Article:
Spotlight Sunday 10.15.17
In a stunning, from-behind victory, this week’s Spotlight shines on…
The Wicked + The Divine #32
Writer: Kieron Gillen
Artist: Jamie McKelvie
Cover (B): Noelle Stevenson
Every ninety years twelve gods return as young people. They are loved. They are hated. In two years, they are all dead. It’s happening now. It’s happening again.
And with that, you have the basic setup of The Wicked + The Divine, or WicDiv, as the lazier among us refer to it.
The gods walk among us, but then, they always have, in some fashion. We just don’t call them that.
WicDiv serves as an allegory for the glamour, allure, and danger of pop stardom, literally casting the gods as the kind of pop stars they figuratively represent.
While music often figures prominently in the work produced by Gillen and McKelvie (see Recommended Reading below), it makes sense as a storytelling element here. The gods of WicDiv are, after all, for all their divine attributes, still young people, and how better to make yourself known to the world and build a loyal following of worshipers than through musical superstardom?
Back at the beginning, we were introduced to the gods from the perspective of a girl named Laura, a sort of divine groupie whose fondest wish was to join the Pantheon. In time, she got everything she ever wanted…and that pissed her right the fuck off.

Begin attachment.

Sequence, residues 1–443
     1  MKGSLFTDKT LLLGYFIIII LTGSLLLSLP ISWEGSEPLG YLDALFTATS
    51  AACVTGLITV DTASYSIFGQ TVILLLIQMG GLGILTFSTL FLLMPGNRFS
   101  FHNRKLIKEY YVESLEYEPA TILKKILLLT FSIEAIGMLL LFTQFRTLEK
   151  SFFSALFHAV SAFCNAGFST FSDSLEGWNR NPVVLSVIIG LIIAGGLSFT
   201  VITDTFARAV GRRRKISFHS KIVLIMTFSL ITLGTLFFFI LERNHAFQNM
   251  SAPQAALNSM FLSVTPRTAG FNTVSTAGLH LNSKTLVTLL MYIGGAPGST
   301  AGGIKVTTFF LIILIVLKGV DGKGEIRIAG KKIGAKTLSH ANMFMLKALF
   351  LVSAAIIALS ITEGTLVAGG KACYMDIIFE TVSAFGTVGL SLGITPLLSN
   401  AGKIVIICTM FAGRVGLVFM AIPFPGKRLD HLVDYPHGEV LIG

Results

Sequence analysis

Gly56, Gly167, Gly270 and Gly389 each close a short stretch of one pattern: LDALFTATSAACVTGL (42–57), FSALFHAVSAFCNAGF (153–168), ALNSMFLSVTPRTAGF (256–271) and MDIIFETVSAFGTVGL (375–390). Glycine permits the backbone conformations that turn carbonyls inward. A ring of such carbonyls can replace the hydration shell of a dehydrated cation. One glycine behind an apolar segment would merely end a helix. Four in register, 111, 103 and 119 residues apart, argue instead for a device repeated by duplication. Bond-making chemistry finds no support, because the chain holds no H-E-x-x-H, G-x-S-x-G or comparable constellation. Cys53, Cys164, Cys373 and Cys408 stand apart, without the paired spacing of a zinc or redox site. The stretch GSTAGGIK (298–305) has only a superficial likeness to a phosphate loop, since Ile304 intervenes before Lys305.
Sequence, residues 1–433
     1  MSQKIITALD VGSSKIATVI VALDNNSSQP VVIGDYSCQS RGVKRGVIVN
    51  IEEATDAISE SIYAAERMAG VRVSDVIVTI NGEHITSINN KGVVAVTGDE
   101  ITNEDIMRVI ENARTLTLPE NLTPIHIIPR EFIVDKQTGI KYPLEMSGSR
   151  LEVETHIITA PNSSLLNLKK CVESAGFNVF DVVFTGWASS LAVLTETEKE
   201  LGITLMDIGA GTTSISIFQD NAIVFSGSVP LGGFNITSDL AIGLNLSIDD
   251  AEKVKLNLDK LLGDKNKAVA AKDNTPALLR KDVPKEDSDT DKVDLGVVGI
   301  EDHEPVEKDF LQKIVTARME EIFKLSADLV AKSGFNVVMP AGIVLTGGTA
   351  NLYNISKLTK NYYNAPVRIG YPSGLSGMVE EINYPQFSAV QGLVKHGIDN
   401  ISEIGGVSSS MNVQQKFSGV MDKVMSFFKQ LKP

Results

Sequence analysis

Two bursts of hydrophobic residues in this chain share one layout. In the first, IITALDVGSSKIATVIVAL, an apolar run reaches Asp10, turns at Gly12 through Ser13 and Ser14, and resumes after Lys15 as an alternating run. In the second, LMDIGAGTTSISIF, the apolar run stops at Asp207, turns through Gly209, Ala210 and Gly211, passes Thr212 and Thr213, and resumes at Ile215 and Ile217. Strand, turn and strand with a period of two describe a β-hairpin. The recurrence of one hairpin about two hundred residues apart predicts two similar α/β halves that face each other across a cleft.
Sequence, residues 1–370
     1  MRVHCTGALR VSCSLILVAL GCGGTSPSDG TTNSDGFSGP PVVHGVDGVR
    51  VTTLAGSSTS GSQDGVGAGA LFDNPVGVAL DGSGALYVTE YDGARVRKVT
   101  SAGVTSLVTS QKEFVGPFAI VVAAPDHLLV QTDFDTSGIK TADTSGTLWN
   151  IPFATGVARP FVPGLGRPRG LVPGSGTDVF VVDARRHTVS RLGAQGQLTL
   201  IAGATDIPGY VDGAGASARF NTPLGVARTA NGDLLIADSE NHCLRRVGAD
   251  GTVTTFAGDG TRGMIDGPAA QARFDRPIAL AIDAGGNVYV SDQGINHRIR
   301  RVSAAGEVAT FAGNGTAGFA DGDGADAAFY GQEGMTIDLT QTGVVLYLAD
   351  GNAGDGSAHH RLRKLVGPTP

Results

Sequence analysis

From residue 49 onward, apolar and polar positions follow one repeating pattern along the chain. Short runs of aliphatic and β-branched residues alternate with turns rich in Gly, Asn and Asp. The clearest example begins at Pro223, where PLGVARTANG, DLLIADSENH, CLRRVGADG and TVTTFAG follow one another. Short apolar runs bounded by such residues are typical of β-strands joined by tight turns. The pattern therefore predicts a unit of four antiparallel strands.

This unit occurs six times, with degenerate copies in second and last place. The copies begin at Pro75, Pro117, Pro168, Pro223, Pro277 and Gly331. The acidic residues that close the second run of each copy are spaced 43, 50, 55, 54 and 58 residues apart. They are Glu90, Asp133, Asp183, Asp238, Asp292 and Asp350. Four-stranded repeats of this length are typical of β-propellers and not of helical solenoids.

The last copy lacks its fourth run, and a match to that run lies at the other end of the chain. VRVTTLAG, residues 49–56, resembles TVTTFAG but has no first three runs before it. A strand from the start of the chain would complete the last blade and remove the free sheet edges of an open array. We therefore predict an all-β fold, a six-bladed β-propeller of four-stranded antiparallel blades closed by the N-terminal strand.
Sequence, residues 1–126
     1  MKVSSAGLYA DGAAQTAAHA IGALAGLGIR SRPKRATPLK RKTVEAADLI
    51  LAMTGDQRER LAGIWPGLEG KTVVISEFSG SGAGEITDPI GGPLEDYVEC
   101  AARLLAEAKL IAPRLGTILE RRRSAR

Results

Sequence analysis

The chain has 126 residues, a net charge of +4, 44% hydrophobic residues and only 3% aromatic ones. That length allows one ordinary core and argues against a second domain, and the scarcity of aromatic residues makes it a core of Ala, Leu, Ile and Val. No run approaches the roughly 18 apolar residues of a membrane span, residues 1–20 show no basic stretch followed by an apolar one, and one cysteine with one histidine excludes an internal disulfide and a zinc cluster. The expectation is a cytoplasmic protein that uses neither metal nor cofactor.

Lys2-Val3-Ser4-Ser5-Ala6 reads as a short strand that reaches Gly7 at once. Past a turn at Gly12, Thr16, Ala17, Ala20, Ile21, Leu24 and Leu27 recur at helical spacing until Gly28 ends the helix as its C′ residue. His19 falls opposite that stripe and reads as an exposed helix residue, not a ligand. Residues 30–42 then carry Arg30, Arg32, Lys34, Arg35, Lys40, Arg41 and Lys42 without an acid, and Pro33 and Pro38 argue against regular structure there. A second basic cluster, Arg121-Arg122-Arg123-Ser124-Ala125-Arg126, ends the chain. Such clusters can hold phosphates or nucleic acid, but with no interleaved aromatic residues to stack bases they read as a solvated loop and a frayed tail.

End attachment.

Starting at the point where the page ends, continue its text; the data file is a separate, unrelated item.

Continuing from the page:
After all, her role in the Pantheon is that of Persephone, a goddess who, in myth, was forced to live in Hell.
Well, there’s also the fact that Ananke, an immortal who, throughout the millennia, had served as a mentor to the newly-minted gods during their brief lives on Earth, killed her parents, as well as several of the current members of the Pantheon.
While the gods were enjoying the perks of fame and divinity, Ananke was up to something. Was being the operative word, as Persephone recently blew her head off.
Whatever Ananke was up to, however, had apparently been in service to a greater cause, working to find a way to fend off the coming Great Darkness. Working with the Daft Punk-esque Woden, who, as a mortal, had been the very worst kind of red-pilled, MRA, GamerGater piece of shit, and as a god is the very worst kind of divine red-pilled, MRA, GamerGater piece of shit, Ananke had constructed some sort of machine.